Transparency in international business dealings is an admirable goal, but recently the executive branch has been trying to reach that goal by taking broad interpretations of the law beyond that intended by Congress. The Foreign Corrupt Practices Act (FCPA) prohibits the bribing of foreign officials. While that may seem like a straightforward concept, previous posts on this blog have shown that the precise definition of who constitutes a “foreign official” has long been the subject of much uncertainty, debate, and litigation.
The FCPA defines a “foreign official” as an “officer or employee of a foreign government or any department, agency, or instrumentality thereof.” The Department of Justice takes a broad view of this definition, consistently using the FCPA to prosecute individuals who allegedly bribed employees of state-owned companies that act merely as commercial entities, such as utility companies, rather than those that act as a sovereign.
For the first time, a U.S. court of appeals is considering a case that tests this question. An appeal in the Terra Telecommunications case, previously discussed in a post on this blog, is currently pending before the U.S. Court of Appeals for the 11th Circuit. The defendants in that that case, Joel Esquenazi and Carlos Rodriguez, are former executives at Terra Telecommunications. They were convicted of bribing officials at the state-owned telecommunications company Haiti Teleco.
The defendants allegedly paid more than $890,000 over four years to shell companies to bribe the Haiti Telco employees. Haiti Teleco was the sole provider of land line telephone service in Haiti. Terra had a series of contracts with Teleco that allowed the company’s customers to place telephone calls to Haiti. The purpose of these bribes, according to the evidence presented at trial, was to obtain various business advantages from the Haitian officials for Terra, including the issuance of preferred telecommunications rates, reductions in the number of minutes for which payment was owed, and the continuance of Terra’s telecommunications connection with Haiti.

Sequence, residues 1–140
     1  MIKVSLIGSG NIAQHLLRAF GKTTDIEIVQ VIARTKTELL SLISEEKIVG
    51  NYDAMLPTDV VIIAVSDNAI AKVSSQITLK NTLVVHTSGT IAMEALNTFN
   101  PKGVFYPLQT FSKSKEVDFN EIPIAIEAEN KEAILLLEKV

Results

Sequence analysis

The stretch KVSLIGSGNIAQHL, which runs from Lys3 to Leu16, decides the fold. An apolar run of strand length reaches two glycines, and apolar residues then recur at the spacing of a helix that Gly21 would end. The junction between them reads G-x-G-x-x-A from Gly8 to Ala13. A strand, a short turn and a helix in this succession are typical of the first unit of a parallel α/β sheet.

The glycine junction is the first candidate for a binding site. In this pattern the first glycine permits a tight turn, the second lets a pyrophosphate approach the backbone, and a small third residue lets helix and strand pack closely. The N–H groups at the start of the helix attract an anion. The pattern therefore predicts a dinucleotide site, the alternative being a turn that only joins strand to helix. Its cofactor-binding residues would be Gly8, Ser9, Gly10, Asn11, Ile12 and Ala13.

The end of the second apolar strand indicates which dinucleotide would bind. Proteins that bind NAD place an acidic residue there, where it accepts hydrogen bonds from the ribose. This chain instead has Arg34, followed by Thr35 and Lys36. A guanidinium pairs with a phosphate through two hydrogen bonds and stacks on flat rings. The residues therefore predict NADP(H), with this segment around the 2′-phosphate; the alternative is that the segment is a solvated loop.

Prosecutors successfully persuaded the trial court that Haiti Teleco was an “instrumentality” of the Haitian government, thereby making its employees “foreign officials.” However, on appeal the defendants are asking the court to find the word “instrumentality” in the FCPA unconstitutionally vague and ambiguous. The Justice Department filed a brief on August 21, 2012, arguing for a broad reading of the term “foreign official.”
The defendants’ argument is not novel. For years, businesses and legal groups have been seeking guidance on the definitions of “foreign official” and “instrumentality” under the FCPA. In February, a coalition of businesses and organizations sent a letter to the DOJ seeking clarification of those terms. The letter highlighted the concerns that without proper guidance, businesses suffer uncertainty and risk when trying to comply with the FCPA because the authorities take a “highly fact-dependent and discretionary approach” in interpreting the terms.
Despite the DOJ’s long-standing position that the FCPA is not vague, it has announced that it will release new guidance this year on the act’s criminal and civil enforcement provisions. While the guidelines will provide clarification and guidance to businesses, they will almost surely perpetuate the DOJ’s absurd position that it can pursue employees of commercial entities merely because the companies are state-owned. This is clearly not what Congress intended in enacting the FCPA. Last year, FCPA expert Michael Koehler pointed out that the DOJ’s legal interpretation of “foreign official” is “the functional and substantive equivalent of the DOJ alleging that General Motors Co. or American International Group Inc. is an ‘instrumentality’ of the U.S. government (given its ownership interests in these companies) and that all GM and AIG employees are therefore U.S. ‘officials.’ ”
We hope that the appeals court will accept these arguments and will find that this case does not implicate the issues that the FCPA was designed to address. The courts need to keep the DOJ in check and prevent it from abusing its authority by prosecuting individuals under statutes that Congress did not intend to apply to them. Congress can amend the FCPA to clarify the law, but this issue should not be legislated through the courts in the context of a criminal prosecution.